No society has yet reached this point, but it is possible to extrapolate what such a society would look like on the basis of individuals and groups that, although operating within a different stage, have moved in this direction, and also on the basis of the corresponding characteristics of individual development.
The main feature of such a society is a turn towards the universal. There is a similarity, in this respect, with the first stage (because of their proximity to the Intent), but this time it is a conscious, deliberate act. For example, personality (‘I') is considered only a form of the self (the equivalent of a mask at the first stage). Individuality is preserved, but it operates within a larger framework that is not imposed, but recognised (the synthesis between freedom and necessity). Rather than the nuclear family, the basic social unit is a community that does not rely on blood relations (or even physical proximity), but on shared experiences, goals and interests. Nationalism and other forms of social segregation lose their significance. This also applies to knowledge - the segregation of various disciplines and approaches (e.g. science and spirituality) is transcended. In the ‘axial age' the Greek philosophers, Buddha and K'ung-Fu-tzu heralded the three dimensions of development (the rings, experience, and intent) and their corresponding methods (reasoning, non-attachment, and commitment). The importance of all of them is finally recognised. This makes such a society less constructed and more permeable and fluid. Religions, including atheism and other ideologies such as Marxism, are not needed (the New Jerusalem does not have churches). They are replaced by spirituality (that may be secular, humanistic) and the awareness of the relation between the individual and the universal. So, although the universal is acknowledged, it is also recognised that such a relation may differ between groups and also between individuals. This means accepting cultural differences, but also a common core: trans-cultural underlying humanity. The image of God (as a social construct) is transcended, without denying the possibility of a universal agency.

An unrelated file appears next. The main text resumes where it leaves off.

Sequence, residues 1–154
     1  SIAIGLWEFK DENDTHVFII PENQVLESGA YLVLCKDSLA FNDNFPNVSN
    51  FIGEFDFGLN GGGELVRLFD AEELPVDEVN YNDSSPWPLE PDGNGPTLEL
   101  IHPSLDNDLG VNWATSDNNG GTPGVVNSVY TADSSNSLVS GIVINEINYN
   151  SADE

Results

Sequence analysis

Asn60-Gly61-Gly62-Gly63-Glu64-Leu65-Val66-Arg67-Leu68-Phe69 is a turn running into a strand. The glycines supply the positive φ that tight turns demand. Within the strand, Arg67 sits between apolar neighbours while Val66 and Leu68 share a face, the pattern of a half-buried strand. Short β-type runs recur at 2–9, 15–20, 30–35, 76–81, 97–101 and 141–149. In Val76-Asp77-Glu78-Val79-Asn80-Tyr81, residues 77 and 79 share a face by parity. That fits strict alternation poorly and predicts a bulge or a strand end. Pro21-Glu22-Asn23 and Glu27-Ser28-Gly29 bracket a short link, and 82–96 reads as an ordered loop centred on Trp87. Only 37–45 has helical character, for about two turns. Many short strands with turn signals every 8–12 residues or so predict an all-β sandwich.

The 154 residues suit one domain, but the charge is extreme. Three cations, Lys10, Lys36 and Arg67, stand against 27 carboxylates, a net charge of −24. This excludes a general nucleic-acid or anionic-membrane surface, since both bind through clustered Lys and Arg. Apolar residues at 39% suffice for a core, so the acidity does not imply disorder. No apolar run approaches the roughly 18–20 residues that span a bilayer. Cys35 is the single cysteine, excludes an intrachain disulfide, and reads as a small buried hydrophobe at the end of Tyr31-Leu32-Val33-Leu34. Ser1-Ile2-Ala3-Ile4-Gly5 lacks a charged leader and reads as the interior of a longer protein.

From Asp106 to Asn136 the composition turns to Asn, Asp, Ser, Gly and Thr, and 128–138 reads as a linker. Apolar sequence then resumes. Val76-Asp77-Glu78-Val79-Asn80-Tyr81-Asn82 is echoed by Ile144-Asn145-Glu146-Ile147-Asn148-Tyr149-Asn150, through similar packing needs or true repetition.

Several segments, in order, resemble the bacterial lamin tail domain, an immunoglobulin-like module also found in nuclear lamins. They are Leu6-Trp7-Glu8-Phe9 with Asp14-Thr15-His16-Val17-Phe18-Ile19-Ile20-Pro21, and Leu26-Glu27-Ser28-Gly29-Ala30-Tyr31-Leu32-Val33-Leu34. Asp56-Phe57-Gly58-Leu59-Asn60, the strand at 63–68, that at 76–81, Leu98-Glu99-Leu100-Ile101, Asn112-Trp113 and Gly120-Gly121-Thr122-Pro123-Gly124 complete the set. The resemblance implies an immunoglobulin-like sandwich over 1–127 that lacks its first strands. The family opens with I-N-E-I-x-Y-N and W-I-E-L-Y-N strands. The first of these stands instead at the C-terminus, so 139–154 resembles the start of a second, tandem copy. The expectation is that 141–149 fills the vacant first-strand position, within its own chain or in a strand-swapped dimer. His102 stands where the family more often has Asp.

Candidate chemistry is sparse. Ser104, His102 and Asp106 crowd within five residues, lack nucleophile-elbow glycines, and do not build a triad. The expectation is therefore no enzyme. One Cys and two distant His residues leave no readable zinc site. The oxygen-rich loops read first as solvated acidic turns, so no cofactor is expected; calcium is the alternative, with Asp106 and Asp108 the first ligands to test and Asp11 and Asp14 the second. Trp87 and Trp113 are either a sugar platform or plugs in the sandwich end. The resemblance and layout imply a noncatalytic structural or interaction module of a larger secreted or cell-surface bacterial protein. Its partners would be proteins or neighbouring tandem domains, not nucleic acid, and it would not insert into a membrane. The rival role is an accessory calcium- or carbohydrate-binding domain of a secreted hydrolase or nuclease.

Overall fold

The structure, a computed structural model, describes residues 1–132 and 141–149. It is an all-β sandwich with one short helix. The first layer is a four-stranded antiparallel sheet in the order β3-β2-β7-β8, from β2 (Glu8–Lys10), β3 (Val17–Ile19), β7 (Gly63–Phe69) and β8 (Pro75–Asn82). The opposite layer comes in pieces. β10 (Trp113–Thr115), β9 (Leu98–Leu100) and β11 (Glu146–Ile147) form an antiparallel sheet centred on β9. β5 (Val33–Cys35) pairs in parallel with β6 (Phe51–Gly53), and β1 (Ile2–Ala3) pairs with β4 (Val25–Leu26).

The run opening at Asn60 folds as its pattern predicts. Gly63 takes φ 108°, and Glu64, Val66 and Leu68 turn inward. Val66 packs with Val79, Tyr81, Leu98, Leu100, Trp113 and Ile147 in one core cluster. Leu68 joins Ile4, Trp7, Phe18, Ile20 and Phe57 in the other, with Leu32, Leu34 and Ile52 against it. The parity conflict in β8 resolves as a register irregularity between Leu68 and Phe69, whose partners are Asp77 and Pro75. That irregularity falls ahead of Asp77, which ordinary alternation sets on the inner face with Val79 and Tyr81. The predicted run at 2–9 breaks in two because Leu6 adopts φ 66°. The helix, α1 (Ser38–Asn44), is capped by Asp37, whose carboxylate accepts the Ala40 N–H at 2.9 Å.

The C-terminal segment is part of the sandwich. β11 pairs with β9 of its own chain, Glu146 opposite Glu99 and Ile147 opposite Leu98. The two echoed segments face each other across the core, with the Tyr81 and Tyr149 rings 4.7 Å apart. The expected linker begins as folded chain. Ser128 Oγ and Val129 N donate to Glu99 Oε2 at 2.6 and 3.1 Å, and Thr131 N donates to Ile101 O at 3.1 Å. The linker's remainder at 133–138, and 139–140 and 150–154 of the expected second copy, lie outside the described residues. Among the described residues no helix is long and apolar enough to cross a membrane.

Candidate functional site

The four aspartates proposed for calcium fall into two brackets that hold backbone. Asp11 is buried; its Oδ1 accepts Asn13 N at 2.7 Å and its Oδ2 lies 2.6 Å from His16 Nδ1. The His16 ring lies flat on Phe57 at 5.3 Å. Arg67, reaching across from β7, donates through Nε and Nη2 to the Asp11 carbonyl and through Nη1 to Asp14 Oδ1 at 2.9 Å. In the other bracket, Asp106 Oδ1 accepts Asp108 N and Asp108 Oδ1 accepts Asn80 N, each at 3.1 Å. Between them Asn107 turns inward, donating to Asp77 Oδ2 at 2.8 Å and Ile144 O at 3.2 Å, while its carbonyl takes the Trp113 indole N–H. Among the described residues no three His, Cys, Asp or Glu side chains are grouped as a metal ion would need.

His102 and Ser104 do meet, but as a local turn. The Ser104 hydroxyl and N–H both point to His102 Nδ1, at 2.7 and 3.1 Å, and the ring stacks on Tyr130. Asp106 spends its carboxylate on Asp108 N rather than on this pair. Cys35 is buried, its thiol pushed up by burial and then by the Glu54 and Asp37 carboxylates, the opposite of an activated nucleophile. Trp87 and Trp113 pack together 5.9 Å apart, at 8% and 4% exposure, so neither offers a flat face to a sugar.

An economic system is not based on the exploitation of, but working with the environment and others. Cooperation is balanced with competition on all levels. Art in such a society has a transcendent function (expressing the timeless, catching glimpses of infinity). While the temporal locus of the first stage is the present, of the second the past, and of the third the future, at this stage they are integrated. The social process is seen as a spiral (see below), which is, in fact, a combination of point time (characterising the first stage), cyclical time (the second stage) and arrow of time (the third stage).